Manning’s spokesperson said their office is getting a lot of interest “from media and congressional colleagues about the specifics of the bill.
“This is the first meaningful bipartisan immigration bill that has been introduced in the House in a decade so there is a lot of curiosity,” Hailey Barringer said in response to questions from WGHP. “Rep. Manning and the other bill sponsors are meeting with the various caucuses in Congress to present the bill and answer questions from their colleagues. The sponsors are working to get more of their colleagues to sign onto the legislation, thereby building support for it.”
Here are the specific provisions
- Provides $25 billion to fully secure the border.
- Mandates 100% nationwide E-verify to ensure all American businesses are hiring legal workers.
- Achieves operational control and advantage of the Southern Border by employing a comprehensive Southern Border Strategy.
- Constructs enhanced physical barriers and deploys the most up-to-date technology at the border.
- Hires thousands of new Border Patrol agents, CBP officers, and border intelligence units.
- Implements new policies to stop criminals crossing the border illegally, including new authorities to track cartel spotters, and raises penalties on human traffickers and child sex traffickers.
- Authorizes DHS to officially designate an organization as a criminal street gang, making any alien involved in a criminal gang inadmissible and deportable.
- Designates Mexican cartels as Special Transnational Criminal Organizations.
- Directs DHS to complete and implement biometric exits at all air, land, and seaports of entry for international travelers.
- Provides DHS the authority to use DNA testing to verify family relationships.
- Enhances port-of-entry security by expanding surveillance and intrusion detection systems.
- Improves legal commerce and trade by expanding inspection lanes and investing in X-ray technology to safely inspect commercial vehicles.
- Expedites processing and ends catch-and-release policies.
- Establishes at least five Humanitarian Campuses (HC) that will receive individuals and families arriving at the southern border for immediate processing.
- Asylum-seekers will remain at an HC until their case is decided. They will have freedom of movement within the HC, access to state-of-the-art facilities, medical personnel, legal counsel, and non-governmental organizations.
- Decides asylum cases within 60 days. Asylum-seekers will undergo an initial credible fear interview within 15 days of their arrival and further screening by trained asylum officers for final determination within an additional 45 days. Complex cases may be referred to case management to await a hearing before an Immigration Judge.
- Creates five additional immigration centers in Latin America to stop migrant caravans and prevent individuals from making the dangerous land journey to the United States.
- The centers will offer asylum pre-screening, child reunification services, and employment counsel to determine eligibility for work visas in the United States.
- Implements a security and development strategy to address instability in Central America. This will help bring stability and economic development to Guatemala, El Salvador, and Honduras.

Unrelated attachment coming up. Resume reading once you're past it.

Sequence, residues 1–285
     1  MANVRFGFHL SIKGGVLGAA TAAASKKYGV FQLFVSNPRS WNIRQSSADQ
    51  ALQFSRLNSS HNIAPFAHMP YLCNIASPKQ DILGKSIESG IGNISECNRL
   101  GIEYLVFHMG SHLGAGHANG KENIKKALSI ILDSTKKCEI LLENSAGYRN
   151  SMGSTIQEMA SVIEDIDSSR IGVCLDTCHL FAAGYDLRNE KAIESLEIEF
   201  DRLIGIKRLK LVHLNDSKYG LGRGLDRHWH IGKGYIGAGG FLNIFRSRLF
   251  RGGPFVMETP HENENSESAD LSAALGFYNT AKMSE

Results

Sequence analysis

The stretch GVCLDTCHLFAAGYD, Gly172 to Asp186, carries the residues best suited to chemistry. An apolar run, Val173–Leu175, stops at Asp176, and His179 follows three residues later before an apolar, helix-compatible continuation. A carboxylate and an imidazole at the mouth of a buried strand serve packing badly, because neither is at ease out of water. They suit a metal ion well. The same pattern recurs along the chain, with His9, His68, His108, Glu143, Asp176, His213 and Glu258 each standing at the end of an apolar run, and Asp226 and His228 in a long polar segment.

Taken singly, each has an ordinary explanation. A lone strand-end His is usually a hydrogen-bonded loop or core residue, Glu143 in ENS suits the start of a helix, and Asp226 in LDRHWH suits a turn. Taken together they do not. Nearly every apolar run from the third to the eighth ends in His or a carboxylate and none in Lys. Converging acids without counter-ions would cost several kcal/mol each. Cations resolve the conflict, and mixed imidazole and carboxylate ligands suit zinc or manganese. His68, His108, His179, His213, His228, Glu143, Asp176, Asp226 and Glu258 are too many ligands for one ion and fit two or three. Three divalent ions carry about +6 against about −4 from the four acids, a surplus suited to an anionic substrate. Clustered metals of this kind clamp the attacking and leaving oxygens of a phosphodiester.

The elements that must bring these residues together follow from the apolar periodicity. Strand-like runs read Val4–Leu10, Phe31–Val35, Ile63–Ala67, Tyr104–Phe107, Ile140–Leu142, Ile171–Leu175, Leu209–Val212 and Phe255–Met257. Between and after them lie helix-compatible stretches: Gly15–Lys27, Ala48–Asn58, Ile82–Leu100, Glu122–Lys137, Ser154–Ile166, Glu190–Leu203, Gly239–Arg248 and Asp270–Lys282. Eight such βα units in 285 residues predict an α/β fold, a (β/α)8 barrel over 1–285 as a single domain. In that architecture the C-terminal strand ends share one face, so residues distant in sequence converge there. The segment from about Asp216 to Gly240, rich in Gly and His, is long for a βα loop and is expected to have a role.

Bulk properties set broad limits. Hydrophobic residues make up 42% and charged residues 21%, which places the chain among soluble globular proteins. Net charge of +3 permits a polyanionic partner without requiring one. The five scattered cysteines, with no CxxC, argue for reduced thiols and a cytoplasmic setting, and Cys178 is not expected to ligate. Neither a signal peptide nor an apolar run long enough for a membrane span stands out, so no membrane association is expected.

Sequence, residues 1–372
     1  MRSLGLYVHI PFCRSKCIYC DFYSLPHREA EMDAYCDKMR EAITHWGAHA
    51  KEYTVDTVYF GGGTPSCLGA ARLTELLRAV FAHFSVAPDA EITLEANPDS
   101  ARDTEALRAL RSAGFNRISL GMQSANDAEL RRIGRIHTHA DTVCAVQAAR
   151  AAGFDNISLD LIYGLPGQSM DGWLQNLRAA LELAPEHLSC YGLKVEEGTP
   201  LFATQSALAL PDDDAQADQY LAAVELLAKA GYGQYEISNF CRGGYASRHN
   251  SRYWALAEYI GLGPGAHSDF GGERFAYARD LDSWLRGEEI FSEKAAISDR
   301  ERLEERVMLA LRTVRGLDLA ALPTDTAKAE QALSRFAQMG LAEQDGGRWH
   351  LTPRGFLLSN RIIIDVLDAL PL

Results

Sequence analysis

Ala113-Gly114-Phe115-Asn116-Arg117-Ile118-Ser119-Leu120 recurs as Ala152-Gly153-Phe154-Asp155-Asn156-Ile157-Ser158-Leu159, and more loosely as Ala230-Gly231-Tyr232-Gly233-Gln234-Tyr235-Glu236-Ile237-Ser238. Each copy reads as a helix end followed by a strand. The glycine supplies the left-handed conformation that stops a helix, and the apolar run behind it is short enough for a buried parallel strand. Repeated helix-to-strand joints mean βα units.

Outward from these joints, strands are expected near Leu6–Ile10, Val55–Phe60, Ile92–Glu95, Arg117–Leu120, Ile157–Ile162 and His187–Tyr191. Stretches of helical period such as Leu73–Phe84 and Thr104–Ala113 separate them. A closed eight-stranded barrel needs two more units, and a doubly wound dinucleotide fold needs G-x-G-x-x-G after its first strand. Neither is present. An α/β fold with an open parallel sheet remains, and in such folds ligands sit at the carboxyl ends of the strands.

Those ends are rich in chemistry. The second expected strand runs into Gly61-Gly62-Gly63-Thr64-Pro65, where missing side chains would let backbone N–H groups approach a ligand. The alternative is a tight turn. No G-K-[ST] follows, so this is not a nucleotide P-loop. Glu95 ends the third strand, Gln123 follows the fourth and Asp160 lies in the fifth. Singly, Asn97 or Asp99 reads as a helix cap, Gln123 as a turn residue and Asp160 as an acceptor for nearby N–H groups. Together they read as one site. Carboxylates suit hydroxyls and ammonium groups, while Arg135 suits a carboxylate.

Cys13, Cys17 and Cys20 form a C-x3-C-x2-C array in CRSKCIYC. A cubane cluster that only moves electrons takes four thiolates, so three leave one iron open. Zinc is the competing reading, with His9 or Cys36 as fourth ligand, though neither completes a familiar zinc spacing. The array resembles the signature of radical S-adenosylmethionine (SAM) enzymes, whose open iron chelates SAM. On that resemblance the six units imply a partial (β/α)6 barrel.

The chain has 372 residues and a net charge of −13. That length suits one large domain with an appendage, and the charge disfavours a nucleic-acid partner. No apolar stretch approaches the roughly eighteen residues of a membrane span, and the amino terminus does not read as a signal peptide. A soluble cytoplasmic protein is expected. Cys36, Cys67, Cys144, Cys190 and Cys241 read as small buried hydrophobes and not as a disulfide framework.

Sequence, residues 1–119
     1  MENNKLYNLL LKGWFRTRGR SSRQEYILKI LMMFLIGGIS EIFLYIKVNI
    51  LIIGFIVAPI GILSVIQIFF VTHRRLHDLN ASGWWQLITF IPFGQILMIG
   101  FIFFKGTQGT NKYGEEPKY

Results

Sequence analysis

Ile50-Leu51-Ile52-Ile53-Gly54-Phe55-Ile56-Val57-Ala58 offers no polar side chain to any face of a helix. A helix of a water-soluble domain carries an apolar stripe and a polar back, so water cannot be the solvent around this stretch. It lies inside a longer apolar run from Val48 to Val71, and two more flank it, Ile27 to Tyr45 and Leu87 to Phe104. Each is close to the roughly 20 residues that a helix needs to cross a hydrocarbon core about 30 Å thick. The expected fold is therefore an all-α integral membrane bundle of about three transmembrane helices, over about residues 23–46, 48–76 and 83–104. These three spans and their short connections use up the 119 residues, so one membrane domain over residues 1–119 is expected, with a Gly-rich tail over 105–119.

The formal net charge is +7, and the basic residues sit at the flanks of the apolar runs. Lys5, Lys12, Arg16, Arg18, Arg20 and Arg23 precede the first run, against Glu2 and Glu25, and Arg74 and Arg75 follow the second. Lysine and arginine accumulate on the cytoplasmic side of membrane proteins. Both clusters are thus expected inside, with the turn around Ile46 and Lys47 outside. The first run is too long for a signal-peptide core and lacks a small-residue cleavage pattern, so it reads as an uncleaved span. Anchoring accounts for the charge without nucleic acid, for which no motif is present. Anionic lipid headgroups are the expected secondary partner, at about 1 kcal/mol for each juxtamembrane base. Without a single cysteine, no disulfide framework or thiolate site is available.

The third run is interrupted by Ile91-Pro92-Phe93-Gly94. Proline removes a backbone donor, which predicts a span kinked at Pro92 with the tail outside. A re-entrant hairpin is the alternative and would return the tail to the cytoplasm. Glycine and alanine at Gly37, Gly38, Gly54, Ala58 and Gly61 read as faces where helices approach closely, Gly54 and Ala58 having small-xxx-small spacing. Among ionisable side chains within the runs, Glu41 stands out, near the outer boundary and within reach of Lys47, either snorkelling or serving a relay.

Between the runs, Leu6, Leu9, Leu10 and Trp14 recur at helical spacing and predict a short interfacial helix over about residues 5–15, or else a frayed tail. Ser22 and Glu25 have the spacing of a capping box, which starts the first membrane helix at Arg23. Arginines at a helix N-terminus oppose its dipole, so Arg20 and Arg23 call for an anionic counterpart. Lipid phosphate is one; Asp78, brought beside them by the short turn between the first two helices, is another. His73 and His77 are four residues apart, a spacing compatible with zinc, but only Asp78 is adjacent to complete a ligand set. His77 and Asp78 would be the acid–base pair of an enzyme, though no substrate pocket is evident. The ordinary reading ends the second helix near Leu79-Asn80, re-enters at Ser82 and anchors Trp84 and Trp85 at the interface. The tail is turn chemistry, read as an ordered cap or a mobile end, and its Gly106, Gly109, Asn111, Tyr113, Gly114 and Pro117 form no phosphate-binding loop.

- Increases U.S. authorities to target transnational criminals, smugglers, human traffickers, drug traffickers, and gangs like MS-13.
- Cracks down on asylum fraud by increasing penalties for those that make false statements or provide false documentation.
- Establishes a new two-strike policy for anyone caught crossing at a non-port-of-entry, to ensure legitimate asylum seekers are processed appropriately while bad actors are apprehended.
Dignity and redemption
- Creates immediate protected status and streamlined path for Dreamers and TPS recipients, as outlined in the Dream and Promise Act.
- Establishes the Dignity Program, a practical solution for undocumented immigrants who have been in the U.S. for more than five years.
- Recipients will be offered a chance to work, pay restitution, get right with the law, and earn legal status.
- Applicants must comply with all federal and state laws, pass a criminal background check, and pay outstanding taxes or debts.
- Dignity participants will also pay $5,000 in restitution during the seven years of the program, check in with DHS every two years, and remain in good public standing.
- Individuals in the Dignity Program will not have access to federal means-tested benefits or entitlements
- Establishes two options after successful completion of the Dignity Program:
- Dignity Status: Dignity recipients who choose this option will immediately receive a 5-year Dignity Status, which provides full work authorization, the ability to live in the U.S., and travel authorization outside the U.S. They will also remain ineligible for citizenship, means-tested benefits, and entitlements. Dignity Status can be renewed an indefinite number of times as long as the individual remains in good standing with the law.
- Redemption Program: The Redemption Program (5-plus years) requires completion of the 7-year Dignity Program. It offers Dignity recipients a chance to redeem themselves and earn permanent legal status. Redemption Program participants must learn English and U.S. civics and contribute to their local community either through community service or an additional $5,000 in restitution payments. Successful completion of the Redemption Program provides legal permanent resident status and eligibility for existing pathways to citizenship. Participating individuals would go to the back of the line.